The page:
If your laptop already has a built-in webcam, you may have to manually select the eMeet webcam in your chosen video-calling app.

The eMeet Nova Webcam in Action

The first thing I always do when trying out a webcam is do a quick comparison with my built-in laptop webcam. That gives me a good idea of the overall video quality before I even start a meeting.

The following image is my built-in laptop webcam:

While it’s not terrible, the image is rather grainy. Plus, it’d be difficult for more than one person to be in the shot at a time without feeling crowded.

The next image is the eMeet Nova webcam:

As you can tell, the image is much sharper, though it did seem almost blurry at times during my testing. However, the video does look better than my built-in webcam. Plus, when placed at the right angle, which you can easily adjust, you can have several people in the same shot.

Testing During a Meeting

While the above tested out the initial video quality, the next test was to see how well the mics performed. I had a meeting in Google Meet and another in Skype.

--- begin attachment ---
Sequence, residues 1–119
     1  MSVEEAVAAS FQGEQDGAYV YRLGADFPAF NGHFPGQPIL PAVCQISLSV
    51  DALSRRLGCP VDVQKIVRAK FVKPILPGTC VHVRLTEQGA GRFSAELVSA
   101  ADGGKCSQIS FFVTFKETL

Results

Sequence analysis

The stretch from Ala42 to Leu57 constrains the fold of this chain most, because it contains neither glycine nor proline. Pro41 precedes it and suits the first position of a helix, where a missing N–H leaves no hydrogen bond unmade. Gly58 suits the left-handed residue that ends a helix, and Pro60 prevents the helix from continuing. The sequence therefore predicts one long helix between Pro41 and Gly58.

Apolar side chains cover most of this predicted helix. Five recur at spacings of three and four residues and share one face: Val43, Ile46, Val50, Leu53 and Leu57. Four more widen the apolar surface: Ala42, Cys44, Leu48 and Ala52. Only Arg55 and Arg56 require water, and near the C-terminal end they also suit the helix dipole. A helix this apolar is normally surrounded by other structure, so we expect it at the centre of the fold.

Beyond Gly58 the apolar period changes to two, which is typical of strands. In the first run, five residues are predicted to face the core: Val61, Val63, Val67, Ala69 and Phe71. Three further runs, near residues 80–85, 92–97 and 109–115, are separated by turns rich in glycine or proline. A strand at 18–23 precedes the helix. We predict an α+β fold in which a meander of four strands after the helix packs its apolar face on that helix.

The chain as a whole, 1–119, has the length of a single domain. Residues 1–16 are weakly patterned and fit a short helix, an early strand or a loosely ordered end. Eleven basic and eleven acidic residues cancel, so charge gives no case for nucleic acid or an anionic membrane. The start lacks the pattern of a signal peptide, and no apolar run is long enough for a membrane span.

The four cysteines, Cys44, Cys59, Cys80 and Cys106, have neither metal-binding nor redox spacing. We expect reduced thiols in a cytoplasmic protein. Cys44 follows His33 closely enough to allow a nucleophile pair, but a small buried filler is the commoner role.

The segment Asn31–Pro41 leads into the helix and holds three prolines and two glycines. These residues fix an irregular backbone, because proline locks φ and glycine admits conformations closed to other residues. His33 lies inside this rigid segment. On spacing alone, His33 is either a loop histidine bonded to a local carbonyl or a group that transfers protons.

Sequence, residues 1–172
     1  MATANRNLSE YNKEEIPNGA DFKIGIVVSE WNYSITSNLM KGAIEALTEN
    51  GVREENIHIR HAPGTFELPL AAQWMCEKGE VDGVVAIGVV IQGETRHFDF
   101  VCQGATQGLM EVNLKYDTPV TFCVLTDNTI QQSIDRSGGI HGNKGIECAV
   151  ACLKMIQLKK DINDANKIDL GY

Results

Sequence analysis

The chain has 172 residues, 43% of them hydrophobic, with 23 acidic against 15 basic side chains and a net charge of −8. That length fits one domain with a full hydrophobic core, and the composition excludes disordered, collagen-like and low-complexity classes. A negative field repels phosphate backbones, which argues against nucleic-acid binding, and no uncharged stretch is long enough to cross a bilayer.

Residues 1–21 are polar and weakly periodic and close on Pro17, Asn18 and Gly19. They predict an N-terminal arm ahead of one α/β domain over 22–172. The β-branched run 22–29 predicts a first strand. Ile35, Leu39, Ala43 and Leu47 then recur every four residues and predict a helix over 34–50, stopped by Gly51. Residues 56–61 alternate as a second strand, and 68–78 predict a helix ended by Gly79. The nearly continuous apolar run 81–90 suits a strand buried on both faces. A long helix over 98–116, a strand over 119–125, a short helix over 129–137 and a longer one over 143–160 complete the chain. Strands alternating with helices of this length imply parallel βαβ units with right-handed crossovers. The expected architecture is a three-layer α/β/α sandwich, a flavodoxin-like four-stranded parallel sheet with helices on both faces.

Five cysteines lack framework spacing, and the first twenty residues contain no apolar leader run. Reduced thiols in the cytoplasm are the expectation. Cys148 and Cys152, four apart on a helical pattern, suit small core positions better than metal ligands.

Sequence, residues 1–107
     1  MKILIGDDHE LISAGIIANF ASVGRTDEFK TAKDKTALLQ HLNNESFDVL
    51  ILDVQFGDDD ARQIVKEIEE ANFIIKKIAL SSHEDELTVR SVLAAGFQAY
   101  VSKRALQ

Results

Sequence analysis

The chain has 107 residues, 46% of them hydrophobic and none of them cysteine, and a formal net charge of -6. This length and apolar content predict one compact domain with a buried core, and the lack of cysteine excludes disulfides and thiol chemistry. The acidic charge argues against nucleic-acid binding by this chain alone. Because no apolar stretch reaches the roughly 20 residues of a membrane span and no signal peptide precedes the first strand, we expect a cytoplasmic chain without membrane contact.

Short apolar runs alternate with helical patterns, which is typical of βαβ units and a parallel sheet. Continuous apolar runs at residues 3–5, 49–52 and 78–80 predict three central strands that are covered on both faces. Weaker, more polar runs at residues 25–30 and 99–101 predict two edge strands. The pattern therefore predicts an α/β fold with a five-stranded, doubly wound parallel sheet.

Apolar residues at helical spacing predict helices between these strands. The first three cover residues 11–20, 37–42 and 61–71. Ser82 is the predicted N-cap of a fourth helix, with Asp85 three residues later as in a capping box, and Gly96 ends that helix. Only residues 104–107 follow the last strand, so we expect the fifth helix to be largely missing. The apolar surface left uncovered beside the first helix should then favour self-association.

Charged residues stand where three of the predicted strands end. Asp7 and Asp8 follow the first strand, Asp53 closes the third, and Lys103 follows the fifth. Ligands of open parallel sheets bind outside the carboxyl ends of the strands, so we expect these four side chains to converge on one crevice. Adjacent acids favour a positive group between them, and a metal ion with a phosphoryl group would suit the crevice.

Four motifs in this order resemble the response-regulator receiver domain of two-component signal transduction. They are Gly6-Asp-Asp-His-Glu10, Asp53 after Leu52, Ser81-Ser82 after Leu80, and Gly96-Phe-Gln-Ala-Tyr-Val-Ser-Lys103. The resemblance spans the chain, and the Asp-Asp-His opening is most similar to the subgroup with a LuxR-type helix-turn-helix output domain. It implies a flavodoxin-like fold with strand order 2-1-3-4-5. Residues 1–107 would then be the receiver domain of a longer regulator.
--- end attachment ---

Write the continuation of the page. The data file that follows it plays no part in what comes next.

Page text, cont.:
I put on some background noise with a Spotify playlist to test out the noise-canceling feature. While I could hear my music in the background, the other party couldn’t. It wasn’t until I really turned it up that they could hear it well. Otherwise, they just heard my voice and some very faint typing. In the webcam’s defense, I am a very loud typist.

Throughout our meeting, the other party had no trouble hearing me. We didn’t experience any echoing or fading. In fact, I stood up at one point and moved around just to see how well the mics picked up. Even when I was several feet away, the other party could hear me clearly.